by Johnny Solomon
About three years ago, I walked into a yoga class because it was freezing outside and I didn’t want to spend another winter hibernating at home. I wanted to get ahead of the coming three months of Christmas cookies and soup. I wasn’t looking to talk about chakras, though. And the last thing I wanted to do was sit through Yanni-inspired sitar music. My yoga goals were not lofty, but it was November and the promise of a polar vortex was right around the corner.
At that point, I had been sober for about three years. I also had my bipolar disorder relatively managed but still experienced bouts of anxiety that kept me isolated and unattached from the rest of humanity. I toured full time as a musician, so my schedule was pretty much the opposite of a “schedule.” And I was a year into writing my new record, feeling both crippling self-doubt and a sense of career-ending procrastination. According to everything I knew at the time, it was the kind of life an artist could expect.
Years before, I had pushed my way into some sort of success in the music world. Success is relative, of course, but I was making a living, which I figure is at least the ground floor. What I didn’t understand at the time was that my identity had become lost in my art. When I got sober and was finally healthy enough to commit to being a working artist, my sense of self got all wrapped up in my songs. I stopped being able to separate who I was from what I could create. I assumed every interaction involved the singer-songwriter Johnny of Communist Daughter. My neighbors didn’t see John Solomon; they saw the guy who wrote songs, and they liked me, or didn’t, based on what they thought of my latest record. I took commentaries on my music as commentaries on my very existence. The only time I talked to the outside world was before and after my shows, and that skewed my perception of daily life. I didn’t know where John Solomon ended and Johnny Solomon began.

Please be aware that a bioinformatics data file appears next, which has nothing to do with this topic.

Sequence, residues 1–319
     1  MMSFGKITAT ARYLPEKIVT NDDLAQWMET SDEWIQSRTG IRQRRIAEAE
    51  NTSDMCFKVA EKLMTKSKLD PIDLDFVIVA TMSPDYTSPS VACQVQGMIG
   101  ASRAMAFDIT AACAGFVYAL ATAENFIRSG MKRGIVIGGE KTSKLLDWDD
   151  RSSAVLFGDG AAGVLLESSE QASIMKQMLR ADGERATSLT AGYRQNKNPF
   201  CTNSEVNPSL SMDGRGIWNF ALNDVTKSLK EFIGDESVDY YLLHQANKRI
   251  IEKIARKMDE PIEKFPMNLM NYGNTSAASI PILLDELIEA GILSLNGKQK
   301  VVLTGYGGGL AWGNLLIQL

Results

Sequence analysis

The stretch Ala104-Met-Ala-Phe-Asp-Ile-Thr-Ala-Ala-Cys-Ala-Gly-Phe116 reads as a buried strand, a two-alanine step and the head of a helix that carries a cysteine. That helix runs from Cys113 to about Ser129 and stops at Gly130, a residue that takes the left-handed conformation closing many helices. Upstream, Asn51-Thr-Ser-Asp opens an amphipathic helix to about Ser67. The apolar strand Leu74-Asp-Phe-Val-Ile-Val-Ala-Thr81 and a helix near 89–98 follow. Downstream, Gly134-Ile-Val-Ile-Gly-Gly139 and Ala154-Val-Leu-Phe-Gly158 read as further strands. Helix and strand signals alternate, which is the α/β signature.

But that day in November, I took a step down a path I didn’t even realize I was on. What started as me counting minutes on the mat, became me counting breaths. And then simply turning off my mind and counting on that one-hour break from whatever else was outside. I showed up to lose weight, but then I stopped caring about that (#dadbodforlife). I went because it felt good. If I was anxious, I knew things would be better afterward. If I had a decision to make, I knew I would have some sort of clarity after class. And two years into practicing yoga, I realized I had friends that didn’t even know I was a musician. They liked me without any prior knowledge of Communist Daughter. I felt like I had my own identity again.
In the recovery world, many of us like to get together in groups to talk and listen to each other. One of the ways we share is by recounting “what it was like, what changed, and how it is now.” But life doesn’t stop changing when you get sober; that’s one of the first things I learned in recovery, so every time I go back to my story, it’s a little bit different. And three years ago, my life and story shifted without me even noticing. Three years ago, I walked into a room to lose a couple of pounds, but I learned patience and gratitude, and recaptured an idea of who I was. I found a community that didn’t know I was a musician. Even three years later, I suspect most of them have never heard a single one of my songs. I found a group of friends that are as likely to be sober as they are to be anything else. I’ve also listened to more Drake than I ever thought I would. Apparently yoga isn't just for sitar.
I have a lot of feelings about yoga, and none of them involve an understanding of chakras (yet), a nirvana, or an ability to say Namaste without smirking. But they do involve getting anxiety under control, finding patience with myself and appreciating a whole new world of Drake-loving, earnest human beings.
Once again, I find myself thinking about life in terms of “what it was like, what changed, and how it is now.” Today, thanks to yoga, I’m a different, more content, and connected person. I love to show up to the studio and talk to the people around me and to listen to what they’re looking for and what they have found.
I’m not trying to sell you a spiritual awakening. But if you get yourself to a yoga mat, you might be able to learn how to say Namaste without smirking, and hopefully you can teach me that.
Want to try it for yourself? Check out our upcoming event called Breathing Through Dissonance on April 23rd.
John Solomon is a Dissonance Board Member.